Inevitably, requests for compensation risk pitting students against their lecturers, as well as the other university staff on strike. In an increasingly marketized education system, students are fundamentally customers and it’s easy to see how university bosses could turn to narratives of customer dissatisfaction to deflect from the real issues at hand, risking relegating the attention given to genuine concerns of striking staff. Calls for financial reimbursement from students will help put pressure onto university bosses who have repeatedly refused to meet UCU demands insofar as they force the universities to justify their ridiculous fees. However, these calls should be accompanied with a clear declaration of support for the striking lecturers so that the blame of this block to students learning isn’t placed on them. The parties at fault for students missing out on their education are those in power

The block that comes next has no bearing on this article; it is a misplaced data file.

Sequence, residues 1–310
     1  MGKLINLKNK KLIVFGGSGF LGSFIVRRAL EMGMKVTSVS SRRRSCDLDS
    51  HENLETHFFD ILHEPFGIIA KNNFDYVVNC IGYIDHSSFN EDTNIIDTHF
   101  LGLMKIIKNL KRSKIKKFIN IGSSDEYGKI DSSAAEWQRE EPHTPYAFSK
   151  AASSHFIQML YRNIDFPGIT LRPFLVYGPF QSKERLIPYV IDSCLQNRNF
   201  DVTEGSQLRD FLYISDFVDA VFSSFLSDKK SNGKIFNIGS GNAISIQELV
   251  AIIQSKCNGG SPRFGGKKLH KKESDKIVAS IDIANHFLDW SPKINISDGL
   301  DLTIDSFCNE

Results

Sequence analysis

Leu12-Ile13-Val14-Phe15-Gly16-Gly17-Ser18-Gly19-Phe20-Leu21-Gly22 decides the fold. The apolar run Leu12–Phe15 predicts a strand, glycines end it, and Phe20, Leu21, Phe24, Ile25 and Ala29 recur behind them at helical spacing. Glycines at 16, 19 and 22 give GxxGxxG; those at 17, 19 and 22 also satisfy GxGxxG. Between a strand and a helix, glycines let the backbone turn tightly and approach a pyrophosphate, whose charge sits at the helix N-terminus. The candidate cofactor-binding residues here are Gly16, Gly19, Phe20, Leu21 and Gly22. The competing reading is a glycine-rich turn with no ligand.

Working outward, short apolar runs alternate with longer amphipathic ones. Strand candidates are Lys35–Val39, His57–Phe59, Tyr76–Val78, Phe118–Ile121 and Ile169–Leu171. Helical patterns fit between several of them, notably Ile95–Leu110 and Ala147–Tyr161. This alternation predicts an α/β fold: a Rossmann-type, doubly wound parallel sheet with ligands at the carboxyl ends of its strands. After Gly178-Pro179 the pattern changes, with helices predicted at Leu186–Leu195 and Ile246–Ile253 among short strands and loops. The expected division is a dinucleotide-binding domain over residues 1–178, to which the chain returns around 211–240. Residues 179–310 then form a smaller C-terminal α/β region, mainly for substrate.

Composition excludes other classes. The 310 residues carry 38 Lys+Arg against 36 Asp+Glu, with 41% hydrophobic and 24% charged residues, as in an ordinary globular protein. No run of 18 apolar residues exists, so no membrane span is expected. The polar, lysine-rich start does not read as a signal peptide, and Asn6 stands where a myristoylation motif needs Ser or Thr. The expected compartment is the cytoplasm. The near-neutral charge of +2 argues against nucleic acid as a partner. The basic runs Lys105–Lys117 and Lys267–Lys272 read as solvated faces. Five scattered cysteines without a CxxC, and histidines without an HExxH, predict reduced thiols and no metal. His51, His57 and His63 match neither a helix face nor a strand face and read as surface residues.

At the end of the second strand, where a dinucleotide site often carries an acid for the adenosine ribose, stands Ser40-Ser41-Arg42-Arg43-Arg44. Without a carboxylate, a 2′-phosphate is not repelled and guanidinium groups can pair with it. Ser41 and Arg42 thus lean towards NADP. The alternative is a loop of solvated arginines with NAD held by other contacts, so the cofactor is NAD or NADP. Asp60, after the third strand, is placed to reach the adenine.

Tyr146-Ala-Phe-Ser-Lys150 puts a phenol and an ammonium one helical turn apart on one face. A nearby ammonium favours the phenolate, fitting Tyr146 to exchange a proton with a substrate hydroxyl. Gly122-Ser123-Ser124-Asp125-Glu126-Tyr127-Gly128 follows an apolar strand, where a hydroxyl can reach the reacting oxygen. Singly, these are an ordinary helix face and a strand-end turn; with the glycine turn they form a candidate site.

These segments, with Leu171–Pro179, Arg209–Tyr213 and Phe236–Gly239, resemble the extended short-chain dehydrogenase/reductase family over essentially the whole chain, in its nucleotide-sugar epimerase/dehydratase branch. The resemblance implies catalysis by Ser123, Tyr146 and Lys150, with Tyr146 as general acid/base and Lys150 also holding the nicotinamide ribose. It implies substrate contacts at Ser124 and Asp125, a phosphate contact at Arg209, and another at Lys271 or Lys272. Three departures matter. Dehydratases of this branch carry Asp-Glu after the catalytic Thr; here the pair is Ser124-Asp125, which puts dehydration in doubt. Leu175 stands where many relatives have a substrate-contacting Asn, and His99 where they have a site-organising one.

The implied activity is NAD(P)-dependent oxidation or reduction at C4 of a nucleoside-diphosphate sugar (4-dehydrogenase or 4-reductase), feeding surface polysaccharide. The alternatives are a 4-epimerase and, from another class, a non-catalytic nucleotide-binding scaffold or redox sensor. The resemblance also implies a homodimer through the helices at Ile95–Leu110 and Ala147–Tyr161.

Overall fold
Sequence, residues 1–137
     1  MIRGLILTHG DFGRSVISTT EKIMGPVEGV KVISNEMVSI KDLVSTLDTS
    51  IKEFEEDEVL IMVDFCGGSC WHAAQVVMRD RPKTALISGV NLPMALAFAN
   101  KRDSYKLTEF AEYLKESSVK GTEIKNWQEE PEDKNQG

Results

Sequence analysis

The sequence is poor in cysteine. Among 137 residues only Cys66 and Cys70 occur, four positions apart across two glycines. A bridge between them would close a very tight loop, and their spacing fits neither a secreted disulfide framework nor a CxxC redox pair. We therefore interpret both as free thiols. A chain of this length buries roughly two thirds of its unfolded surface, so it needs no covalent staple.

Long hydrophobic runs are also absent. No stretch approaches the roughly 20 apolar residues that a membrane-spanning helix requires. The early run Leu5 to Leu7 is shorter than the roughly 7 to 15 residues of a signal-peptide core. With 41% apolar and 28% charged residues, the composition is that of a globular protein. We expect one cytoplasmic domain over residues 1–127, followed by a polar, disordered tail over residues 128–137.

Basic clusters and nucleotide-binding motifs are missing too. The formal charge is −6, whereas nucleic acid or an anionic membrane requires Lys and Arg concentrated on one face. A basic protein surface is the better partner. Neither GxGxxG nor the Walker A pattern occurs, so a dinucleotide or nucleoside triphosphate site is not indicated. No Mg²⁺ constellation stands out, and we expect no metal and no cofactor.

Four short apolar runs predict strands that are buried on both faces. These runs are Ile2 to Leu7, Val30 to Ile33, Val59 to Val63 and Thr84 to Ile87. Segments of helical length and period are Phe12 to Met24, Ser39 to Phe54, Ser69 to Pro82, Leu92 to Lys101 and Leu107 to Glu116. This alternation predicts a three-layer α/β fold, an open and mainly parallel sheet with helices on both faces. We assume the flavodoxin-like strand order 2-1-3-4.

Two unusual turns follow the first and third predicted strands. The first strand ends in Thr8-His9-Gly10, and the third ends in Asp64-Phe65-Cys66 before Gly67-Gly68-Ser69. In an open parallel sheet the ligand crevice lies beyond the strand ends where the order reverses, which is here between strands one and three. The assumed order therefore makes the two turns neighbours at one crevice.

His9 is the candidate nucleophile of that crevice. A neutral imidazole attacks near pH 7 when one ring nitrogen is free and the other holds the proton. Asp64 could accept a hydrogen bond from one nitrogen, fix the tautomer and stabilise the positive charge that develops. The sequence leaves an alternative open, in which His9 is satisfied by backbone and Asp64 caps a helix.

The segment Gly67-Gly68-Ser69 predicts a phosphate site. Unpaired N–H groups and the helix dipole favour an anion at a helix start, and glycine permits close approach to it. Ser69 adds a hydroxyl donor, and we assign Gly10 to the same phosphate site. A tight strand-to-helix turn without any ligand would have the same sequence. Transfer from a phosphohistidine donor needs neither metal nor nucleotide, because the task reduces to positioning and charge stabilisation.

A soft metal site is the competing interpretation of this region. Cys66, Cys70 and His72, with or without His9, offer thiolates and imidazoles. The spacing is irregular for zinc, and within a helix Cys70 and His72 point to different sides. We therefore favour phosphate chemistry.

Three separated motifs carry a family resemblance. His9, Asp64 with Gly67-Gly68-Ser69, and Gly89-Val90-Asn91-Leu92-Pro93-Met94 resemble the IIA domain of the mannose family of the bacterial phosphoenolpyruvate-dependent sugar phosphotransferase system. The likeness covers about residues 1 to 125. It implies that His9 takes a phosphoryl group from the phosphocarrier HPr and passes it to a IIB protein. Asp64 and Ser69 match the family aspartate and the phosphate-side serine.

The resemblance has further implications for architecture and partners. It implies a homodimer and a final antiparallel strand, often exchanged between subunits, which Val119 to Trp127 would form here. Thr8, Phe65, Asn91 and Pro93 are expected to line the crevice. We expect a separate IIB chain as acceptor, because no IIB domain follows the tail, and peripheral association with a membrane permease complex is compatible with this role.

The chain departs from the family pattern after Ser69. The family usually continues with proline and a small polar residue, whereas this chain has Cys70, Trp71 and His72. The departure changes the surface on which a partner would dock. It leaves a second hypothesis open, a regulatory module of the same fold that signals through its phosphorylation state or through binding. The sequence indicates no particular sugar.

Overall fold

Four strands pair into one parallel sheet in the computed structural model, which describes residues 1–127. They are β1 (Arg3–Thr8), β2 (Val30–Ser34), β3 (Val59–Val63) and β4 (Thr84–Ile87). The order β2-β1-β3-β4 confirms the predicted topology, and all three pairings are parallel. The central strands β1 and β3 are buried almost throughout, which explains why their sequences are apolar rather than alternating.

ignoring the lecturers calls for better working conditions. The calls for compensation also bring into question why students are paying so much for their education and what this fee is for. The current University of Sheffield Vice-chancellor Koen Lamberts earns around £285,000 per year, yet will not meet the demands of the UCU for better wages for university employees. Students have a right to be angry about missing out on education they are paying extortionate fees for and have every right to ask for compensation. But their anger needs to be directed at the people who aren’t meeting the demands of the UCU and not at the staff who are trying to improve the state of higher education for employees and students nationwide. Students hold power to help get these demands met and should be standing in solidarity with their lecturers, researchers and support staff.